Hospital emergency room doctors in Maine and throughout the country are once again seeking a ban on infant walkers, saying that as an “inherently dangerous object” these walkers have no benefits to young children and should never be sold in the U.S. Spurring this renewed call is a new study recently published in the journal Pediatrics, revealing that 2,000 babies and toddlers every year are treated at hospital emergency rooms in infant walker accidents – often with serious and life-altering injuries like skull fractures, broken bones and concussions. Between 1990 and 2014, there were reportedly more than 230,000 injurious infant walker accidents among children under 15 months who were treated in hospital emergency departments.
As Bangor child injury attorneys may note, these types of cases would be based on the laws of product liability. Depending on the circumstances, one could allege defect in design, manufacturing and/or marketing/breach of warranty. When products are sold in the U.S., consumers are given an implied and often express assurance that they are safe when used as intended. This is especially true for products used by infants and children. Maine Title 14 S221, state law on defective or unreasonably dangerous goods, states that anyone who sells goods or products in defective condition or that are unreasonably dangerous to the user can be held liable for resulting injuries. Defendants can include the manufacturer, seller or supplier.
In instances wherein products prove unsafe, resulting in injury, it’s important to discuss legal options with an attorney or law firm with experience in handling Maine product liability lawsuits. Breach of express or implied warranty is often the grounds on which product liability plaintiffs present their case. Depending on where the incident occurred and who was caring for the child, there may also be claims of premises liability and negligent supervision (for example, against a daycare). Accountability is important for parents of young children injured in these preventable incidents.
This is not the first time pediatricians have sought to ban infant walkers, as reported by Maine Public. Back in 1991, a study published in the Archives of Emergency Medicine noted that baby walkers were associated with burns, head trauma and numerous other kinds of injury. It was the following year that pediatricians and consumer groups joined forces to call for a total ban and launched public education campaigns to warn parents against using them and demand manufacturers voluntarily improve their safety standards.
The good news is child injuries stemming from baby walker accidents DID decline – from 21,000 reported in 1990 to 3,200 in 2003. The Consumer Product Safety Commission in 2010 further strengthened safety standards and manufacturer testing on such walkers. Infant injuries continued to decline by 23 percent thereafter. But these walkers are still not banned and some 2,000 children in Maine and elsewhere throughout the country continue to suffer severe injury each year.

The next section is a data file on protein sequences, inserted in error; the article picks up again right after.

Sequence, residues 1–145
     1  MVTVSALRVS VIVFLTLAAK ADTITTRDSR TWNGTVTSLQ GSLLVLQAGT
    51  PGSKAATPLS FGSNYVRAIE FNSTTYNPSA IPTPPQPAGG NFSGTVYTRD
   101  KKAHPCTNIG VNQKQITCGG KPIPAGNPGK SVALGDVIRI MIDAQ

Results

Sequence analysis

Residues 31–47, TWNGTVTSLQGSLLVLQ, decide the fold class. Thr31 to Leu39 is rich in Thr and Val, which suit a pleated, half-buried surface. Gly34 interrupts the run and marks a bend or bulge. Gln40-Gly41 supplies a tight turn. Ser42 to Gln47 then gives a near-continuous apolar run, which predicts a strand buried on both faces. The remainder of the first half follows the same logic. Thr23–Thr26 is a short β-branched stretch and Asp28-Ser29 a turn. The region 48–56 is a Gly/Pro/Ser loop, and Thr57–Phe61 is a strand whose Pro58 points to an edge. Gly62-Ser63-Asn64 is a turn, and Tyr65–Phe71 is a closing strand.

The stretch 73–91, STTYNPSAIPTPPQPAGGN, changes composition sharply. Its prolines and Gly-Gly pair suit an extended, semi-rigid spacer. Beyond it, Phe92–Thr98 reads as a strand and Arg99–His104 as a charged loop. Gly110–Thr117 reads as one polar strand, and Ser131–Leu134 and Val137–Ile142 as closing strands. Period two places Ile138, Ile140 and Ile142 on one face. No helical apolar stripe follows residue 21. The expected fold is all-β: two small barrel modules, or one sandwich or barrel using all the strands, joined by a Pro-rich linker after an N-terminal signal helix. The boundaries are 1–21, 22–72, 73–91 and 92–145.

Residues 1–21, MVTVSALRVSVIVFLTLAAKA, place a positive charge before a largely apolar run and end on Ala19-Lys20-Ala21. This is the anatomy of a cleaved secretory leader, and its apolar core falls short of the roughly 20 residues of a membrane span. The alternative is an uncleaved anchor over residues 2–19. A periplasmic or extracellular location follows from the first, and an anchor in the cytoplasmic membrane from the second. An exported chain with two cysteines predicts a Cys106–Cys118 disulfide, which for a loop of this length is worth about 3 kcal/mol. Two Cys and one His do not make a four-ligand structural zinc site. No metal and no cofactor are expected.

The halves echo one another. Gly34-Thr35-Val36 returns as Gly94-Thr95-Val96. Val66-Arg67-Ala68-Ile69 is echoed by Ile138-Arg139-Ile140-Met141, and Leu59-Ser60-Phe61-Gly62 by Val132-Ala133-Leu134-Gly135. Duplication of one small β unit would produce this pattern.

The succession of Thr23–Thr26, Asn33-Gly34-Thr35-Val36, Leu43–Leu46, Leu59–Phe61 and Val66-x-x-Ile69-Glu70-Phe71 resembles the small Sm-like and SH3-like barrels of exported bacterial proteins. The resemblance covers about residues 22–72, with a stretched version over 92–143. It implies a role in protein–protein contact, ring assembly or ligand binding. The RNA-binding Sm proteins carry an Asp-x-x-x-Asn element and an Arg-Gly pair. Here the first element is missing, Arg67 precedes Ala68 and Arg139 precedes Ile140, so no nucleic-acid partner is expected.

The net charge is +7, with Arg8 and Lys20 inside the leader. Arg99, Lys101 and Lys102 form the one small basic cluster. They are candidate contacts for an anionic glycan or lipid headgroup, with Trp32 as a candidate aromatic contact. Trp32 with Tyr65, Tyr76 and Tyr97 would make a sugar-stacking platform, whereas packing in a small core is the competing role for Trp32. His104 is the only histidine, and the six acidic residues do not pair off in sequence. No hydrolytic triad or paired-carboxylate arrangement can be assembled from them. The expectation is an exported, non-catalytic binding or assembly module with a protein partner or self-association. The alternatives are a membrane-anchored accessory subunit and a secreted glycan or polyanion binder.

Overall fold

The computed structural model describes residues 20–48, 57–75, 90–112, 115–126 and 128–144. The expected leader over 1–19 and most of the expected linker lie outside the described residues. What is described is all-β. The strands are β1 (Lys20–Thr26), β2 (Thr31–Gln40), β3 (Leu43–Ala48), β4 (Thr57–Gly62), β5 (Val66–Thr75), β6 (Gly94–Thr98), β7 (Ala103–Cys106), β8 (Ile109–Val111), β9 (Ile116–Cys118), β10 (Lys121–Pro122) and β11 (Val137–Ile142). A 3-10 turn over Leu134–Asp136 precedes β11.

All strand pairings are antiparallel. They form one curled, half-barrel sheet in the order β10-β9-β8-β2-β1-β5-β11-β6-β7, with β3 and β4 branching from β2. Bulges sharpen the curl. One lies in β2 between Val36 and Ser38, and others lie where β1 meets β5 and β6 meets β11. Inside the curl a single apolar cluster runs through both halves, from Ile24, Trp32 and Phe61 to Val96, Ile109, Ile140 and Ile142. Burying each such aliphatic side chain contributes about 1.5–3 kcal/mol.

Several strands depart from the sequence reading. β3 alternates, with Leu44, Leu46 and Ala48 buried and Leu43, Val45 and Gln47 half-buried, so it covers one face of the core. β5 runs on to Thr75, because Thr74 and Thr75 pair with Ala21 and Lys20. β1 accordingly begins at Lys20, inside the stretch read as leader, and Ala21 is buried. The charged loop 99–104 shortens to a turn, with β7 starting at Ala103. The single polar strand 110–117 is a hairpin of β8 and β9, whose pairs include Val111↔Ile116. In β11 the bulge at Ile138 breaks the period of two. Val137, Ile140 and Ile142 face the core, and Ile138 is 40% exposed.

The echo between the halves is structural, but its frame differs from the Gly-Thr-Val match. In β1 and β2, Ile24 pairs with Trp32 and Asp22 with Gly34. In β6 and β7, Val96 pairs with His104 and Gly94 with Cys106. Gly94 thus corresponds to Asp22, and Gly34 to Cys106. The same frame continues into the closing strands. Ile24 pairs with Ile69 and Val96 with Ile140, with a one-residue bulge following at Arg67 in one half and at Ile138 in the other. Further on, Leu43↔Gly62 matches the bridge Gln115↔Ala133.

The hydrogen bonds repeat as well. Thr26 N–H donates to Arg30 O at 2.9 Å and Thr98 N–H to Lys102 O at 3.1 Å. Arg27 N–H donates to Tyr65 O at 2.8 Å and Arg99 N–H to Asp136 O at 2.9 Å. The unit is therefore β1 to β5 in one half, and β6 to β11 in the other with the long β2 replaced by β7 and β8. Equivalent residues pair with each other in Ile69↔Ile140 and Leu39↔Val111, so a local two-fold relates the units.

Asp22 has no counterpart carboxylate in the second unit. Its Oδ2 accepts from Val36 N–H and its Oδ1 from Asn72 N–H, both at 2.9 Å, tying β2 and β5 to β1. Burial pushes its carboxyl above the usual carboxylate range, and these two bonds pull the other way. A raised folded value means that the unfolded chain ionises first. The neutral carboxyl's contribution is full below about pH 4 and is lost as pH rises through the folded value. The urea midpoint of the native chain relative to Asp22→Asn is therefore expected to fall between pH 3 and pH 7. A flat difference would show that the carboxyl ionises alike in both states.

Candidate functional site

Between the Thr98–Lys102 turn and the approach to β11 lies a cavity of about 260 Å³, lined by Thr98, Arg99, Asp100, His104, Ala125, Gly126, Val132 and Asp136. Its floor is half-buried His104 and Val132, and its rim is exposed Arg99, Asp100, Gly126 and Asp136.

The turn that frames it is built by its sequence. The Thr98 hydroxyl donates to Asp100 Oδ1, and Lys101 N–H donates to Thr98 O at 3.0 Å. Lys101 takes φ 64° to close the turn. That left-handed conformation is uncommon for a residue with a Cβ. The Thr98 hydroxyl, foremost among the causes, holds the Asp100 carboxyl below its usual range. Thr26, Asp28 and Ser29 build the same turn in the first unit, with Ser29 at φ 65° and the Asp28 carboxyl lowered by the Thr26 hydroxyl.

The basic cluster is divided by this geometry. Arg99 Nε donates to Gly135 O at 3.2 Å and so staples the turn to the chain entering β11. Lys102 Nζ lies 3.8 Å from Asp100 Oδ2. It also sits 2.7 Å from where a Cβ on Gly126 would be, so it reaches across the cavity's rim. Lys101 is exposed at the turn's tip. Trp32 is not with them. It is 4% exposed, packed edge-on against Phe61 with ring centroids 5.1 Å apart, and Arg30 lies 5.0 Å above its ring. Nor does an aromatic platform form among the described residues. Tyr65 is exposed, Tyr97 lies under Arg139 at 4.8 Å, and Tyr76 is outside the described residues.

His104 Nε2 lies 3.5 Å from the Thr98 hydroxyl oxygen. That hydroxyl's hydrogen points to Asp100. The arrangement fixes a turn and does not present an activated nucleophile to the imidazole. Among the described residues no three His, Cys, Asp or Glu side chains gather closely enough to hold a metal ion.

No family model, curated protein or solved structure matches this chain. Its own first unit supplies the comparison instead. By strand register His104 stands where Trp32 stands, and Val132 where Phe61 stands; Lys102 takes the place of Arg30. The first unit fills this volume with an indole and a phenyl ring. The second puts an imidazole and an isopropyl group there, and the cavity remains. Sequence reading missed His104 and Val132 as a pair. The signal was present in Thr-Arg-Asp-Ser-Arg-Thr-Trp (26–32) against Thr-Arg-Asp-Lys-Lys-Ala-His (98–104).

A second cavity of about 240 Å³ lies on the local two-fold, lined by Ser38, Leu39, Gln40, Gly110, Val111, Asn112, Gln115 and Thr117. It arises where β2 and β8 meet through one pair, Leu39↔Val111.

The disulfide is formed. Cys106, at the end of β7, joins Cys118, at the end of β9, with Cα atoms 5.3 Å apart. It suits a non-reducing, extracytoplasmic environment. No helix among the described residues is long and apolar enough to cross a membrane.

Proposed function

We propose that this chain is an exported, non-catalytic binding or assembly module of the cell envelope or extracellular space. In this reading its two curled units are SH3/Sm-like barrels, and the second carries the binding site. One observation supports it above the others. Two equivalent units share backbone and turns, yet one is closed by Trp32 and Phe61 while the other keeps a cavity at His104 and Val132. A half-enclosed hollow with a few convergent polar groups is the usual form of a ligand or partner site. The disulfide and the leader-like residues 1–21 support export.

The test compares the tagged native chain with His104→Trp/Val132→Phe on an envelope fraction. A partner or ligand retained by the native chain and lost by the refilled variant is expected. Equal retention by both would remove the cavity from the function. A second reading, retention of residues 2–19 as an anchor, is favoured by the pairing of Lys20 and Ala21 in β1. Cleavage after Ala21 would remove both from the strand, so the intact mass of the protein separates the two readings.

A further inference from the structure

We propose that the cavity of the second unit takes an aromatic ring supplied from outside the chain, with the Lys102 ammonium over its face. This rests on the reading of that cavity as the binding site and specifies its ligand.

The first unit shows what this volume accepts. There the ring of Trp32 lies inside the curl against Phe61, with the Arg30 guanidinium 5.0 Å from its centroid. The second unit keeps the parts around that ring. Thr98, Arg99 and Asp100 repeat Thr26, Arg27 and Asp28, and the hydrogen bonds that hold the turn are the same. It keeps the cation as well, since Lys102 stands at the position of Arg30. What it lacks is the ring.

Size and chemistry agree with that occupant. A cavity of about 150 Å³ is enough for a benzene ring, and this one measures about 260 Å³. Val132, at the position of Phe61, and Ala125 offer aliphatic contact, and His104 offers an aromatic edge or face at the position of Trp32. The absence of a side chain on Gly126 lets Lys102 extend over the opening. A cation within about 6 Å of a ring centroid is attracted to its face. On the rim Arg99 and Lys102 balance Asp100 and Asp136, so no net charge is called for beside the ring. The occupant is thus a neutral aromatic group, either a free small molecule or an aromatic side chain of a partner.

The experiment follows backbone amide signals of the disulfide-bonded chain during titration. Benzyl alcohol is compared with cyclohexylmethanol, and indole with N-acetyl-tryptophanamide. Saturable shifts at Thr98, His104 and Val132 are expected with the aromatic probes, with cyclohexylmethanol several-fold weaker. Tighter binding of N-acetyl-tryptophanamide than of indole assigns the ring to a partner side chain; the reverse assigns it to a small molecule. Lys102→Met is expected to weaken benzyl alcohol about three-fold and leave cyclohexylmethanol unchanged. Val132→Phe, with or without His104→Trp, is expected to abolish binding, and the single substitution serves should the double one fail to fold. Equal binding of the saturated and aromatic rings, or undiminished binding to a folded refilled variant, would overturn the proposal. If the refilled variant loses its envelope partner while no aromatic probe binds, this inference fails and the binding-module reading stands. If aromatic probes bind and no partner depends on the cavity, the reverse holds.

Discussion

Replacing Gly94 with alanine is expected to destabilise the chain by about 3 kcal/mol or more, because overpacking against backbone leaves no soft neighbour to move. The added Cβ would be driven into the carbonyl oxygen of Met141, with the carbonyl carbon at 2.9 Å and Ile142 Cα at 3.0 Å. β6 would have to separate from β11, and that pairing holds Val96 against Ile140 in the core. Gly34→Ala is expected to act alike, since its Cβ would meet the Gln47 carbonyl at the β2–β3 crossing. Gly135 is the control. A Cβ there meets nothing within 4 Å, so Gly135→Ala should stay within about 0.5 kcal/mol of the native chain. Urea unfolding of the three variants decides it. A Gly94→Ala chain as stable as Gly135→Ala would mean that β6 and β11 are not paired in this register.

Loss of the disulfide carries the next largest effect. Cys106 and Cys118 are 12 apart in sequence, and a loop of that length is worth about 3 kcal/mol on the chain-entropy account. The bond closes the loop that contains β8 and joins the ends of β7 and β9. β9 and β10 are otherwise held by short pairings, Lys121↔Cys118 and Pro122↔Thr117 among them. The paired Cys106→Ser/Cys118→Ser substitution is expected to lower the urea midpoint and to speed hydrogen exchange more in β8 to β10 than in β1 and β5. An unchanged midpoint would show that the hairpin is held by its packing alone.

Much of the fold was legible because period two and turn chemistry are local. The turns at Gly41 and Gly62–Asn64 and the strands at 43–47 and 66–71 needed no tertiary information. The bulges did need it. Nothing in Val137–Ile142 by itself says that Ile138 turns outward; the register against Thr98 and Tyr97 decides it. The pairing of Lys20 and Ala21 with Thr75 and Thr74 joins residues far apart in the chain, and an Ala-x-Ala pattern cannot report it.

Said one physician researcher, “There’s absolutely no reason these products should still be on the market.” Canada has already banned the manufacture, sale and import of infant walkers since 2004.
Doctors say they have seen numerous cases of children severely injured after landing head-first on a concrete floor after falling down a flight of stairs while strapped into an infant walker. These products are especially dangerous, doctors say, because parents use them as a “babysitter” so that they can focus on other tasks. But that means babies who normally can’t walk are able to access places they otherwise could not: stairways, bathtubs, kitchens and pools. Some have suffered severe burns pulling boiling food off the stove. Others have drowned in pools. A baby strapped to an infant walker can reportedly travel as fast as four feet in one second. That’s faster than their parents can move.
Stationary activity centers, doctors say, are a much safer alternative.
If you are dealing with a child injury that may have resulted from a defective product, contact Peter Thompson & Associates at 1-800-490-5218 for a confidential consultation to discuss your rights.
As Injuries Continue, Doctors Renew Call For Ban On Infant Walkers, Sept. 17, 2018, Maine Public
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Misdiagnosis Leading to Maine Girl’s Paralysis Results in $1.9M Settlement, Aug. 1, 2017, Bangor Child Injury Attorney Blog
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